For my second binding method, I cut strips 2 1/2" and press in half lengthways. The strips are then laid onto the front of the project, with the raw edges of the binding along the outer edge of the project. The binding is attached using the machine with a 1/4" seam allowance along the raw edge. Leave a loose tail of binding approximately 4" long at the start to allow for joining later. At the corners, I stop 1/4" from the end as seen in photo 1. I then fold the fabric away from the project, creating a 45` angle on the corner (photo 2). I then fold the binding strip up vertically to create a neat 90` angle on the corner, with the 45` fold inside and clip in place (photo 3). I restart sewing from the corner edge, continuing to use the 1/4" seam allowance and repeating for each corner.
I always start binding in the bottom centre of a project if possible and leave about a 3" gap for joining the binding. The join can be a little tricky to get it to a neat 45` the perfect length, but looks great once it's done and I think it's worth taking the time to do.
I start by opening out the binding so it lays flat. One end is folded down on a 45` angle away from the project, with RSU. The other end is then laid across so the binding strips are RST. Following the 45` angle of the fold beneath, I pin the strips together. The pinned binding is then carefully moved out from the project to enable access with the machine to sew along the 45` angle, joining the two strips.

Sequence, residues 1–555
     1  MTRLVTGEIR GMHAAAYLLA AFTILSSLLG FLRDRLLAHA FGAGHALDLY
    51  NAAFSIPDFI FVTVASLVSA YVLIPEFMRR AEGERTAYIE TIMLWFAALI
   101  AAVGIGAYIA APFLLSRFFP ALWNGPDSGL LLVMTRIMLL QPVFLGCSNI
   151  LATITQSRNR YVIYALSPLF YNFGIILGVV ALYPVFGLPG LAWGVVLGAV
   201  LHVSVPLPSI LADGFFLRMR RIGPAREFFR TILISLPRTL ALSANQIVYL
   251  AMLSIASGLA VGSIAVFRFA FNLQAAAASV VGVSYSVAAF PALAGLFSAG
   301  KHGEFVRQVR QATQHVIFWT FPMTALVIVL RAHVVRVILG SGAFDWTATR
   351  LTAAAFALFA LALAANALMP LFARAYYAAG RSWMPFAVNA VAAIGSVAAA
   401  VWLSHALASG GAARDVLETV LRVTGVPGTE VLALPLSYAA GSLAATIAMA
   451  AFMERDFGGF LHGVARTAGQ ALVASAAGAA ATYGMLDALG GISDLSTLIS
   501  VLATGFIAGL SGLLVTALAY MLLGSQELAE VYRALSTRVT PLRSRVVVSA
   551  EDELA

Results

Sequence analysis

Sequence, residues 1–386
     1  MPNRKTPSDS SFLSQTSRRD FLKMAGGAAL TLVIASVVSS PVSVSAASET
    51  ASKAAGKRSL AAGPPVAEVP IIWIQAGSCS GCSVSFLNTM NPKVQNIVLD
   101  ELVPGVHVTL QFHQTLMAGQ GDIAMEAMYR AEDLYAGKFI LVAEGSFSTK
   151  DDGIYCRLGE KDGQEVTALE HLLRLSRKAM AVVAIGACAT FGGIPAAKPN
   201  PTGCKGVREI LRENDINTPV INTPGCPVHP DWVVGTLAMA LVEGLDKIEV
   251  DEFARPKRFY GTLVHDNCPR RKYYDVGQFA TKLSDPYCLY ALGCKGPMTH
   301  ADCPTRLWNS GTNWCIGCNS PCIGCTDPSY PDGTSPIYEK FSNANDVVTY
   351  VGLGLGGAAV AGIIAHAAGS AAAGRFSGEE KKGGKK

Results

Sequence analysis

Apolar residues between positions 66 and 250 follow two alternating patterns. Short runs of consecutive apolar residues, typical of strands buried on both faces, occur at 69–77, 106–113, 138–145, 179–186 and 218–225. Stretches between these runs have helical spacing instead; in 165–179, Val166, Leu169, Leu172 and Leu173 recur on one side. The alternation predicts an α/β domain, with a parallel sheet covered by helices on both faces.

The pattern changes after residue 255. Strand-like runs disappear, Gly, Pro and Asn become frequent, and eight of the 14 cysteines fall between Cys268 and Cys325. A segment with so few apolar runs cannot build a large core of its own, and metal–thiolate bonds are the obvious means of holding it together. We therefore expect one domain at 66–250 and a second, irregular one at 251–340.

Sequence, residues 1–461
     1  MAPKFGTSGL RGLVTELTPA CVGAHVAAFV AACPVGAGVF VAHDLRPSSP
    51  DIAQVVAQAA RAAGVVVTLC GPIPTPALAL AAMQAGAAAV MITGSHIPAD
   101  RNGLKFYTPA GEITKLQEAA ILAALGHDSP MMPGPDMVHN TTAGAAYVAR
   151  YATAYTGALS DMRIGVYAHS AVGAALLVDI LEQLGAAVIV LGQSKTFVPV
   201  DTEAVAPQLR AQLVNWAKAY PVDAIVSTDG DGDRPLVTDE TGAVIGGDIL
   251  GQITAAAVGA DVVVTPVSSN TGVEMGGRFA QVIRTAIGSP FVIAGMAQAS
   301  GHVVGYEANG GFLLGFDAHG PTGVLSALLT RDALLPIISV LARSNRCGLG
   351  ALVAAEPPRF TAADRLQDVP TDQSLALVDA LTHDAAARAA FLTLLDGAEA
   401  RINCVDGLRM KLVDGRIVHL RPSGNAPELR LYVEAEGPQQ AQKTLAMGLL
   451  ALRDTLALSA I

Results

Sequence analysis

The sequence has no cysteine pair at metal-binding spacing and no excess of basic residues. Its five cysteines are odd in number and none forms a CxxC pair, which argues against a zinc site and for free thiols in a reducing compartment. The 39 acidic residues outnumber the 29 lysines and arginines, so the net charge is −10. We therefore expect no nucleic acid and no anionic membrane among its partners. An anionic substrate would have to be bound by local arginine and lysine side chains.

Once joined, it is always best to check the binding will lay flat, (no excess which will crease and not too tight that its pulling). Once happy, I cut off the excess from the ends to leave just a 1/4" seam which I press open. Once the join is completed, the binding can be fully sewn onto the front.
With the front sewn on, the pressed edge of the binding can then be folded over to the back. It should look like the above photos at this stage. It is then time to sew on the back of the binding. This could be done by machine for speed, but I always prefer to hand sew using a ladder stitch for an invisible attachment. I gentle fold over the binding one section at a time, using binding clips to hold in place. These can mark fabric if left on too long so I always just do the bit I'm sewing then remove. The binding shouldn't be pulled so it is too tight over the edge of the project, but doesn't want to be left loose. Once clipped in place, simply ladder stitch along the pressed edge onto the backing fabric. This is easier if your backing is in one piece as its less bulky than having the extra seams of a patchwork, but can be done if your project is two sided. With the corners, simply follow the mitre from the front and fold the excess underneath to create the 45` joint before stitching.
The finished binding will look similar on both sides, something like the cushion in the example above.